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Beat Street
By Todd S. Inoue

Double Your Pleasure:
Dishing up two scoops of local ooh-la-la

Two local bands bent my ear last Friday in downtown San Jose's SoFA District. I listed the organic rap/rock combo Willies Conception in my Class of '96 column, and the band didn't let me down. The Usual was packed with Willie heads and folks disappointed with the Charlie Hunter show across the street at the Agenda Lounge (the absence of saxophonist David Ellis and drummer Jay Lane being the main beef).

Willies Conception has improved considerably with key players on congas, saxophone, and drums, and a DJ who needed a bit more in the PA all night. The emcees, Tim Kahihikolo and Brian Rubio, delivered some fine verbalistics, showing off a distinct style instead of aping their favorite rappers. Look for Willies Conception opening for Fishbone at Cactus at the end of March.

Across the street, another band was kicking up dance-floor dust. I had already witnessed Monkey mania at the Los Gatos Teen Center, and written it off as a fluke. The band, however, rocked it again at Cactus Club with more of that deep Studio One/Trojan ska sound. A sincere respect for traditional ska is the band's talisman against hyphens (ska-core, ska-metal, ska-salsa). With a tightening and strengthening of the four-piece horn section, Monkey could go places.

Tighe One On

The rumor that formidable booker Gary Tighe is setting up shows at the Usual rang true. Among his recent bookings are Dick Dale and Dr. Loco's Rockin' Jalapeño Band (dates to be announced soon). This is the guy who's worked miracles at the Catalyst for years, bringing the likes of Coolio, Dinosaur Jr. and Pearl Jam to Santa Cruz. Pray for similar miracles in San Jose.

Ink Spotting

Red #9 has traveled far from taking the piss out of punk pret-a-porter on its seven-inch single, "Fashion Punk." On its latest long player, No Hope?, the band sets the periscope on disaffected youth and offers mirrors, questions and supportive shoulders. No Hope? is a simplistic but often brilliant excoriation--whether attacking slackers on "No Sympathy" or confronting the Buchanan army on the title track. The band's airy peers clogging Esprit outlets get the ink stain on the peppery "Don't Care" and "Better Than Me." Musically, the rumbling punk-pop sound flutters with melodic one-string guitar runs. Michelle M.'s sharp, piercing voice is sparkling, in tune and cuts like a envelope flap. For years, Red #9 has been a San Jose secret. No Hope? is bound to remedy that problem.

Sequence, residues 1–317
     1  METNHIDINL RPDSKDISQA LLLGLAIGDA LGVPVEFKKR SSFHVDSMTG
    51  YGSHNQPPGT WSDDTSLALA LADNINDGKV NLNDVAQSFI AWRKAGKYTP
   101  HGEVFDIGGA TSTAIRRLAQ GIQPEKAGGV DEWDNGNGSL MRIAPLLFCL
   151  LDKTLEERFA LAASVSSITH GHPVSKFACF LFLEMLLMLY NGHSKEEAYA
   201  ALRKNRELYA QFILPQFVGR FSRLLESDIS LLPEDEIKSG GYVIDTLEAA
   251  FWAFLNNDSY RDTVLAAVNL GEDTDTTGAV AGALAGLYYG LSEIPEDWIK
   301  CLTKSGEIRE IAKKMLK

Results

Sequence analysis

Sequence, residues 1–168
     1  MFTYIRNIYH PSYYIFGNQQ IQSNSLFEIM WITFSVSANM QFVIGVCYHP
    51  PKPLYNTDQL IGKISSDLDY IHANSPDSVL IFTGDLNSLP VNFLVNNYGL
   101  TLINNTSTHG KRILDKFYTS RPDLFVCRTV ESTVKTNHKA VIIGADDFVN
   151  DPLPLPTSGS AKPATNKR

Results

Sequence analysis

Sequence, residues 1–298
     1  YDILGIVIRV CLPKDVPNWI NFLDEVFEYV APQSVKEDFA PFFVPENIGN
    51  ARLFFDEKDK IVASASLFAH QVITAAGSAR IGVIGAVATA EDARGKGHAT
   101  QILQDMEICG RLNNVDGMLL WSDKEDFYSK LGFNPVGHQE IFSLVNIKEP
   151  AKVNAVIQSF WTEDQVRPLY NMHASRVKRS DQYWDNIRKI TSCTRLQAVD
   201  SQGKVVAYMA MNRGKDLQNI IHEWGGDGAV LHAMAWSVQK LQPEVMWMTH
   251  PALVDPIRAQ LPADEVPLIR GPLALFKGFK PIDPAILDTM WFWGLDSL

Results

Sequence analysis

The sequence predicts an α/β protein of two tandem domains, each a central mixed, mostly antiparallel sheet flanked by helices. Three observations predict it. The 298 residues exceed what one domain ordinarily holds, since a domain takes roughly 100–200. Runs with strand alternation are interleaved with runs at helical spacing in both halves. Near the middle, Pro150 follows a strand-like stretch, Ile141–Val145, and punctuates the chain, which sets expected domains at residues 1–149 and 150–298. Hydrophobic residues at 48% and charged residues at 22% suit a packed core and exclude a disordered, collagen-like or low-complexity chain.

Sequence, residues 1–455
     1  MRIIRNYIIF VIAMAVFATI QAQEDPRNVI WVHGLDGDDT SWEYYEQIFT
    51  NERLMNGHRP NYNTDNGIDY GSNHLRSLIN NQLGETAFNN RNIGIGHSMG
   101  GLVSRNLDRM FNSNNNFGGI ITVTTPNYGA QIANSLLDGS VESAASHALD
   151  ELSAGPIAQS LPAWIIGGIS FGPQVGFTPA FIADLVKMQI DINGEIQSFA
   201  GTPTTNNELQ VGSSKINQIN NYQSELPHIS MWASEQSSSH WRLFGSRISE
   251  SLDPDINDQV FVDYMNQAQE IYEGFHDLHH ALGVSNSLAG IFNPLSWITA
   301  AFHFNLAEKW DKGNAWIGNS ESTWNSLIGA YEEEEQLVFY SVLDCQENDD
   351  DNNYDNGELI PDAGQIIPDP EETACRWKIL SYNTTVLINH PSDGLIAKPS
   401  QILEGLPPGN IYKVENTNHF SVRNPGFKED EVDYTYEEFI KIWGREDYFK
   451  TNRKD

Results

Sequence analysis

Break a Leg

Gavin's Bay Area talent-spotting festival, SFO3, is set for July 18-21. To receive information on how to submit your music, call 415/495-3200. ... Diamante Negro Records, which released the excellent Funhouse compilation, is looking for local punk bands that recorded in the '80s for an upcoming compilation. The label also is looking for former members of the band Boss Hoss. Contact the label at P.O. Box 641312, San Jose, 95164 or at [email protected]. ... Plan B is still kicking ass and taking names Sundays at the Cactus. According to organizer Aiko, the regular rotation of DJs now includes DJ Chaos, DJ Worldwise and King Solomon. Live acts continue to pop up and blaze the mic like a joint.

A correction: That Spacehog show is set for April 14 at the Cactus, not the Edge.

Hit That Perfect Beat

Former Bronski Beat/Communards wailer Jimmy Somerville will perform at the Edge on March 8. It's free if you're 21 or over and get there before 10pm. Echobelly plays on March 25.

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From the Mar. 7-13, 1996 issue of Metro

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